Greta Kreuzer is so highly concentrated during the interview that she starts to sweat. Her pulse rises to over 80, her body temperature by 0.3 degrees. She can follow this live on her cell phone because the head of the Munich-based startup Cosinuss wears a very special button in her ear. The Cosinuss One wearable, which is most reminiscent of a hearing aid, constantly and, above all, extremely reliably measures important vital signs such as pulse, oxygen saturation and body temperature in the ear canal. These are then sent wirelessly via Bluetooth to a device of choice.
"Above all, continuous temperature measurement via sensors is completely unique. Until now, the only way to do this wirelessly in the mobile sector was via uncomfortable rectal probes," says Kreuzer. The new wearable is particularly appealing to endurance athletes in the leisure and elite sectors, who can do without the uncomfortable chest strap. Jan Frodeno, Olympic triathlon champion and triumphant competitor at the legendary Ironman in Hawaii, is so enthusiastic that he even wants to be involved in further product development.
Olympic champion Jan Frodeno enthusiastic about Cosinuss
"For as long as I can remember, I have always had to wear a chest strap to measure my pulse during training. This is now no longer necessary and much more accurate thanks to the small sensor in the ear. And in addition to the pulse, the wearable also continuously measures the body temperature. In the future, we will also use this additional measured value as an important parameter for analysis and thus optimize the training or competition. Especially in extreme heat, body temperature has a direct influence on performance," says Frodeno.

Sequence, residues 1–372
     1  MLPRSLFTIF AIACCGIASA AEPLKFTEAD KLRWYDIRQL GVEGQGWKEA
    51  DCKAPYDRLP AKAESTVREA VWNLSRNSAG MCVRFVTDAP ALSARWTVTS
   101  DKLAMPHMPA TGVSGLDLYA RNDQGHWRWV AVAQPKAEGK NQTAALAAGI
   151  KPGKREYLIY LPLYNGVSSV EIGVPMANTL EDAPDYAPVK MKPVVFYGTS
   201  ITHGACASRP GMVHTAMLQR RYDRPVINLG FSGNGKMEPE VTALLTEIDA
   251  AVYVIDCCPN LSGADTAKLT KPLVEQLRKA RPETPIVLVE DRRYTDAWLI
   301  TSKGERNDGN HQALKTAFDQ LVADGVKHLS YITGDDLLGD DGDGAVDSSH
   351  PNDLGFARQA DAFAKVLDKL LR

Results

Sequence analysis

More measuring device than lifestyle product
The special feature of this wearable is that it is not primarily a lifestyle product like the popular wristbands, but the focus is on the function of the measuring device. This also makes the Cosinuss One interesting for completely different business areas. For example, the vital functions of elderly people who want to live at home instead of in care could be continuously monitored without major physical impairment. Incidentally, more reliably than with pulse watches or finger clips. In the event of a shock, only the core of the body is supplied with blood - this does not include the limbs. But it does include the head, where the button is located in the ear.
From contraception to research
Another possible application could be pregnancy prevention - as is well known, a woman's body temperature changes during the fertile phase. "Researchers are also hot on our product and have bought it - whether from the field of sleep research, in the military or brain research. The latter, for example, have put a Cosinuss One in each ear of test subjects - and found that body temperature changes depending on which hemisphere of the brain is engaged," Greta Kreuzer reports.
Together with her husband Johannes, she has been building up the start-up, which now has ten full-time employees and six student workers, since 2011. The basis was a doctoral thesis by the founder. In the meantime, the company has a six-figure turnover and is working on satisfying the demand that has so far existed exclusively via online orders even faster. Even though the break-even point has not yet been reached, seven so-called "business angels" are supporting the young company with their venture capital.
Spectacular developments in the pipeline
The company has further spectacular developments in the pipeline. Lifestyle elements such as music are to be integrated into another wearable, and in the future there could be direct recommendations for users beyond the bare data. Greta Kreuzer believes that her company has a bright future, but would like to see better framework conditions for startups in Germany: "There is a lot of talk about digitization, but at the same time there is a great fear of trying out new things. In Germany, the problem is often seen first; the basic mood needs to become more positive." Then Greta Kreuzer would certainly stop sweating so much.